I have a confession to make: I am a recovering Trekkie. I never
had a uniform or an action figure, and Ive never purchased any Trek paraphernalia
from QVC, but Ive seen virtually every episode of the Next Generation multiple
times, and Ive seen all of the movies opening weekend. Now my fan-boy nature has
been significantly lessened by the most recent incarnations of Gene Rodenberrys
vision. Deep Space Nine, Voyager, and Enterprise all seemed to lack that spark that made
the original and Next Generation so entertaining. Things just got too serious, and saving
the universe stopped being fun anymore. Even though Star Trek Voyager: Elite Force
doesnt take place on the Enterprise, I have to admit that I was a little excited
about the prospect of wielding my Federation issue phaser and hearing that patented swoosh
as the ships doors opened before me.
Given that this
is a PC port, it was with a little trepidation that I approached the Star Trek Voyager:
Elite Force for the PS2. The PC version is almost two years old and I worried that the
graphics and gameplay would be a little dated on Sonys next gen platform. I was
right about the graphics, but the gameplay is pretty engaging. Elite Force has some very
tight controls and a story line that is actually entertaining and suspenseful. There is
more than enough in this game to cause a player to overlook the adequate graphics.
You play the game as Ensign Monroe, a member of a special task
force trained to execute the most dangerous and difficult of missions. Now this is not
exactly in keeping with true Star Trek tradition. Everyone knows that the first rule of
encountering an unknown or hostile race is to send the most important members of the crew.
There are plenty of weapons to choose from and the levels are nicely designed. The game
opens with a mission on a Borg cube. Kudos to the game designers for getting the
atmosphere just right. I found myself constantly looking over my shoulder to see if there
was anyone behind me. The Borg AI was also spot on. They reacted (or didnt react for
that matter) just as they should have. The game then moves on to an obligatory "shut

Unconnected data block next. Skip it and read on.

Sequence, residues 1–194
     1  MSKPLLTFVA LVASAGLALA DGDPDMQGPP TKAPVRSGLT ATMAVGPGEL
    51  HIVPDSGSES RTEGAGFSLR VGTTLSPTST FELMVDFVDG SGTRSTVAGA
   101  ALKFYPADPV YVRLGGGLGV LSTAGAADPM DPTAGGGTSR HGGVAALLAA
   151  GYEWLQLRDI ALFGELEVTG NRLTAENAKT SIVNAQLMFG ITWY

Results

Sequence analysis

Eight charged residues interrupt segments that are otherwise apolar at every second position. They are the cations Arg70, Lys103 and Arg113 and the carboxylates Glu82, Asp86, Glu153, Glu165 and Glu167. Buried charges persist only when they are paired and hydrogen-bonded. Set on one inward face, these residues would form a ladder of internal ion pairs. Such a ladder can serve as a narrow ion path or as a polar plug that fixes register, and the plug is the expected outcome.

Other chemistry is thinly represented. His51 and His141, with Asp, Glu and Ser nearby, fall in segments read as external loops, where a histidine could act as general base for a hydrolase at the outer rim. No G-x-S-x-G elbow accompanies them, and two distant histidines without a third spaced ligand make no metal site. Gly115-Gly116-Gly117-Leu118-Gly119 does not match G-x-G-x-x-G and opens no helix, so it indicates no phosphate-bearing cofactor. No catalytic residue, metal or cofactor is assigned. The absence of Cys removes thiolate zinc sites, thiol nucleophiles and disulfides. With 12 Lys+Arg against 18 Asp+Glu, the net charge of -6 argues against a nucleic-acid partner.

down the core or the ship will blow up" scene that was a nice homage to the show.
Elite Force is filled with a lot of little references to the series that will please the
fan, but its not so steeped in lore as to alienate the uninitiated.
As I stated above, the graphics are nothing to write home about,
but they do the job well enough. You just cant help but wonder what this game would
have looked like had it been designed with the PS2 in mind. PC games tend to translate
poorly to consoles when it comes to controls. It just seems as if there are never enough
buttons on a controller to give you the freedom of a keyboard. Fortunately the PS2
controller has enough buttons to accommodate a game like this. Running through the
corridors and shooting your way out of sticky situations is almost effortless. I was
completely sucked in to the gameplay. The single player mission based mode is the heart of
the game, but the multiplayer modes really add to the replay value of the game.
I am a bit of
an anomaly. I like first person shooters but Im very uncomfortable with blood or
flying body parts. I love how immersive the first person perspective can be. FPS games are
the closest I think you can get to actually being there. I played around a little with
games like Doom and Quake, but really didnt get my fix until the Dark Forces games
came out for the PC. I was also a big fan of Goldeneye for the N64. There just hasnt
been that many games that have been able to walk the line of being action packed without
too much gratuitous violence. Although the game doesnt break any new ground,
Im happy to report that Star Trek Elite Force serves up plenty of action for the
squeamish at heart.